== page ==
Cover Image: Jennifer Strange

Jennifer Strange

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Member Reviews

This isn't a graphic novel, but an illustrated YA horror. Netgalley tricked me is all and why this took so long for me to finish. Got this free for review.

Something about this seemed VERY familiar, but I couldn't really put my finger on it.

There were a lot of aspects about this I enjoyed, the setting for one (Savannah, GA - I could really envision it and feel those muggy summer days) and the sisterly bond for two, but man I didn't like Marcus. Even by the end I didn't feel he was redeemed more so excused. Eh.

The lore was interesting and I love me some demons, but at times it didn't follow its own rules.

My biggest complaint is the pacing. It felt very rushed and I know you're supposed to drop the reader into it, but I think this dropped us a little too far along into the timeline. I don't know. It was OK overall. Not sure if this is going to be a series, but is read the next one I think.
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I agree with other reviews that going in, I expected a graphic novel, or at least for it to be heavily illustrated. I loved the horror aspects, but it was a bit hard to get into and stay interested as it felt fairly flat overall.
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Jennifer Strange should have been classified as a ya novel instead of a graphic novel. I think that would help many of the reviews. We went into this book expecting a graphic novel, but instead got a book with occasionally a photo & journal entries. The story itself was decent.
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I requested this book thinking it was a graphic novel.
I don't know if because of that, but I was a little disappointed with the story and it took me a long time to adapt to the plot.
It is a YA book with supernatural content. I recommend it for people who like these elements and who don't expect just a book with a few images.

* Digital version of the book received by NetGalley in exchange for an honest review *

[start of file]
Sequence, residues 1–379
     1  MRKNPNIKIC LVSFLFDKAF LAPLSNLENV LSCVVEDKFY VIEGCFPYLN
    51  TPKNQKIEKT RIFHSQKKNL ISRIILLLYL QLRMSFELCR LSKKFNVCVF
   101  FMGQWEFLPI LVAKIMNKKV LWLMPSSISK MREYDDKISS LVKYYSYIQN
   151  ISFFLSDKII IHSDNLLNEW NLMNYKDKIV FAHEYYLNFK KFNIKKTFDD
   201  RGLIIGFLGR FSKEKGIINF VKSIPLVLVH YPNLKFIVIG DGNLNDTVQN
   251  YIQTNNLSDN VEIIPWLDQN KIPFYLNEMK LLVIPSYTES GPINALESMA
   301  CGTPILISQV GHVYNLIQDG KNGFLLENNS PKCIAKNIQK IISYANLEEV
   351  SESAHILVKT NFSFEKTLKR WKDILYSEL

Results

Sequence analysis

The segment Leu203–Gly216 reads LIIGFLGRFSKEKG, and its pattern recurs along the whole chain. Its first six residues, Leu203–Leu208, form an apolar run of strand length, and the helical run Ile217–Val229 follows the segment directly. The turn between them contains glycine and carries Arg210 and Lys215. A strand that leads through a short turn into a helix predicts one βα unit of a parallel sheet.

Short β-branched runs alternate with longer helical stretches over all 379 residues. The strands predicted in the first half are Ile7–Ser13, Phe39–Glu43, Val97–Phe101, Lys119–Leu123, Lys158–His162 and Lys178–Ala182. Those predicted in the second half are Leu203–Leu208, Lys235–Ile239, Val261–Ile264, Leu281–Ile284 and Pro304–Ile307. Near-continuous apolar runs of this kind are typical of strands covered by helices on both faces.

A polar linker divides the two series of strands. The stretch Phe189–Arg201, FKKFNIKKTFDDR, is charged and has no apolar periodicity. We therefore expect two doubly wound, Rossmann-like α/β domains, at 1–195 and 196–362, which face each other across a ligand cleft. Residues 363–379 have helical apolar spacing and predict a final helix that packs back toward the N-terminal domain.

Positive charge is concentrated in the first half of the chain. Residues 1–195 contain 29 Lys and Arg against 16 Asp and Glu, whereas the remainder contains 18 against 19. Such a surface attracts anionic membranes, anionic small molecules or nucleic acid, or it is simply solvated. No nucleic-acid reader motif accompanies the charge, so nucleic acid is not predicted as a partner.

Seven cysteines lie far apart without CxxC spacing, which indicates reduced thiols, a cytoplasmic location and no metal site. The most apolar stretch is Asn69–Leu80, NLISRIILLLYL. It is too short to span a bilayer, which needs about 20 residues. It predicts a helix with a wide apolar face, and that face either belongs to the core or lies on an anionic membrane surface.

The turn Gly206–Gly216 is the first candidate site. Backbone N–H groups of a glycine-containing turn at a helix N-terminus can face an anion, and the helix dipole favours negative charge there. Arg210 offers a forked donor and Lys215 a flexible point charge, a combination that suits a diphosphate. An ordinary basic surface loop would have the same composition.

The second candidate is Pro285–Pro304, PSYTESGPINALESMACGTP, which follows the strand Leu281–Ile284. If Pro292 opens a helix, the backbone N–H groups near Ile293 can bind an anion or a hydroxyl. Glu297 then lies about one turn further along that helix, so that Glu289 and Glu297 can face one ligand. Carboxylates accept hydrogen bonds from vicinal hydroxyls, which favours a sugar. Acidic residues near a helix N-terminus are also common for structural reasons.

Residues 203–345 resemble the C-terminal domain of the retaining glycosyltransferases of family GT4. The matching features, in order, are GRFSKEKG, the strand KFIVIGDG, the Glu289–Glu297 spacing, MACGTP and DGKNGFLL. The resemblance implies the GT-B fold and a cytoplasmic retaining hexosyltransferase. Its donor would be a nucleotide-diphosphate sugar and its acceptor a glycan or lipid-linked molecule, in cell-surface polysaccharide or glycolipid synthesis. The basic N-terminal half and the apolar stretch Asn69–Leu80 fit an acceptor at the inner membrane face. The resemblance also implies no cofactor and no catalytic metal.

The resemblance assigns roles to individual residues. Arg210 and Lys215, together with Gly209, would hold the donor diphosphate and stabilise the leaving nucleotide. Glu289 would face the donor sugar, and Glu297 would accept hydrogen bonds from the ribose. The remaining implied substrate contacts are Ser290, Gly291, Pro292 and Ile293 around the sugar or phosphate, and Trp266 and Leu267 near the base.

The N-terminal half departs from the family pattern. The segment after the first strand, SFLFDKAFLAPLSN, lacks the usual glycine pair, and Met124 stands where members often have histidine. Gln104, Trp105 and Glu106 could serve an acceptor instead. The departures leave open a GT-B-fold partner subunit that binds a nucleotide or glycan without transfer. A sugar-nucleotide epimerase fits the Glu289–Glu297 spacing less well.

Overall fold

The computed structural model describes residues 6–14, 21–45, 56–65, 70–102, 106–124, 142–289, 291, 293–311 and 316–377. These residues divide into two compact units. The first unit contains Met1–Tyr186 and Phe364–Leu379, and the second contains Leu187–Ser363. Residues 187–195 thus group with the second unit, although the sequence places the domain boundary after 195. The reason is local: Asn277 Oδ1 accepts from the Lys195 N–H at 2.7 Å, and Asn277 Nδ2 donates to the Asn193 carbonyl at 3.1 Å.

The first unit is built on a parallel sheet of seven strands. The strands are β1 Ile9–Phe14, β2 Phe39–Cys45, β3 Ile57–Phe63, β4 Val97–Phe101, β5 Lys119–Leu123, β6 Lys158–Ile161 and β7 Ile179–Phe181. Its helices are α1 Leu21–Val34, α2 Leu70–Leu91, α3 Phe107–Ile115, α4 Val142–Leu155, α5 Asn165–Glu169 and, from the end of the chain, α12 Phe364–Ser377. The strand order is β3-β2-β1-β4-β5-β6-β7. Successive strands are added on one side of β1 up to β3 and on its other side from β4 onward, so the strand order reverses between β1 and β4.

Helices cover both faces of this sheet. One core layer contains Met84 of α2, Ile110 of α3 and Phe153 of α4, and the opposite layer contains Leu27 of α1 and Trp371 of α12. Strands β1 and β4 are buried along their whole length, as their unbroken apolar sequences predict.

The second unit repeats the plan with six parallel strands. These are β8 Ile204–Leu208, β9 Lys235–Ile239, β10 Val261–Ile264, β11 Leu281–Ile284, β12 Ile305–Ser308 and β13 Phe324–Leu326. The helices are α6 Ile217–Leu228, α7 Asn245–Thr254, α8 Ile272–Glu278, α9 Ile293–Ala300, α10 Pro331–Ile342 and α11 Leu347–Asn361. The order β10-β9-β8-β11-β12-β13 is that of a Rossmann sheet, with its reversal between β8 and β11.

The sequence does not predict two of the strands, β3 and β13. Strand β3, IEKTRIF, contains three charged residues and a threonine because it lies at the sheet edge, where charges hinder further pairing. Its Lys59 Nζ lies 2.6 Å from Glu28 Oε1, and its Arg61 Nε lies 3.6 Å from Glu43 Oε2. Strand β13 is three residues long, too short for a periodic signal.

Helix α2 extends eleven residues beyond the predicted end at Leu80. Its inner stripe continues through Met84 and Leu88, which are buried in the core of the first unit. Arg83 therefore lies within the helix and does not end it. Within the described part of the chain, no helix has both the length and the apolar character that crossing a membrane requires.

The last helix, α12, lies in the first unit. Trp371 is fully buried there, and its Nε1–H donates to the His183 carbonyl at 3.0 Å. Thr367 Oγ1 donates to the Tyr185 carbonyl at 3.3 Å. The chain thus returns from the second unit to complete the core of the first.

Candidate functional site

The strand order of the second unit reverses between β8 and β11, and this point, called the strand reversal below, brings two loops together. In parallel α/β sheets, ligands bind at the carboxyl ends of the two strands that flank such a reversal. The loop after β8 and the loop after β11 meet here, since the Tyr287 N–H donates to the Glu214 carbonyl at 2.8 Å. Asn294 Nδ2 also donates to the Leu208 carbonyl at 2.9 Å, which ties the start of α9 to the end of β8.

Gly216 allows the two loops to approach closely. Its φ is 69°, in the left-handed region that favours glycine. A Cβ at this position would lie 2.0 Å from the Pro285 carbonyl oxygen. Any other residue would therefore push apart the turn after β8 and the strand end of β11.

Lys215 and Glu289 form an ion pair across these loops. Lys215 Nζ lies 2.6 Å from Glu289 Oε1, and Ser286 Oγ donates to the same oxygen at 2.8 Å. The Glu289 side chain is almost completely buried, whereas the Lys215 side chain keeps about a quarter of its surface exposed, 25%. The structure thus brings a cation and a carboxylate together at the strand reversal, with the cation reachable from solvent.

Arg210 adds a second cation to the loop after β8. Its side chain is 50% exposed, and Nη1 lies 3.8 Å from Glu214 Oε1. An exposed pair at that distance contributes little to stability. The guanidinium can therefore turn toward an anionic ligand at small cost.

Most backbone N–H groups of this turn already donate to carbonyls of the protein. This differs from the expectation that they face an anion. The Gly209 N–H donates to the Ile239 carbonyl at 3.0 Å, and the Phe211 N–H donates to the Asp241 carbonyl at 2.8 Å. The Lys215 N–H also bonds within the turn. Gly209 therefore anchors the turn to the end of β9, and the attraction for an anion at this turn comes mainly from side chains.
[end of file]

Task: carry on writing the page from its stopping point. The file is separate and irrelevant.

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At last, a truly scary horror book.
The publisher’s blurb says; Fifteen-year-old Jennifer Strange is the Sparrow, cursed with the ability to give ghosts and demonic spirits a body-a flesh and blood anchor in the mortal world with the touch of her hand. When a ghost attacks her high school and awakens her powers, her father dumps her unceremoniously in the care of her estranged older sister Liz.
Well, that was enough to grab my interest but honestly if I had seen it was a YA book I probably would have skipped it. So glad I never noticed!
The book starts like a hot rod with a shiny new Engine! Zero to sixty in 2.4 seconds...It has everything you could want in a ghost or horror story. Demon possessions, magic spells, thousands of the lost dead in Savannah, and the unbreakable bond of two sisters.
I loved this book! It was fun to read and Cat Scully, who has the best name ever, by the way, kept the pace fast and the story moving with few to no stumbles. You will not believe this is her first novel. You can tell she read a lot of Horror books and watched scary movies as a kid because she wrote a true horror story!
 
I received this book free from Haverville House Publishing, and Netgalley for my honest, unbiased review.
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This book is basically Supernatural if the brothers weren’t so close. And if they kept to hunting demons. And if it were a less likable story. What did I mean by that statement? I mean that the book’s got all the makings of something I would highly highly enjoy! But it falls terribly flat. And then I ended up not liking it. Like I have so many notes on my Kindle about this book but if I had to write down everything this post would be super long.

Jennifer moans on and on about Savannah, Georgia and how she doesn’t like it. And that it’s too hot. She breathes, and it’s too hot. She walks, and it’s too hot. And it’s too much for me. She was just an unlikable character – which made me sad because I did want to like this book a lot. She goes on about how her dad didn’t tell her anything (okay, sure, that’s fair. I can’t blame her for that) – but the dad didn’t leave any contact number? She’s underage and he’s her legal guardian? Or don’t they have other relatives who might know about this? Did the main character maybe mention this and I didn’t pay enough attention? Maybe.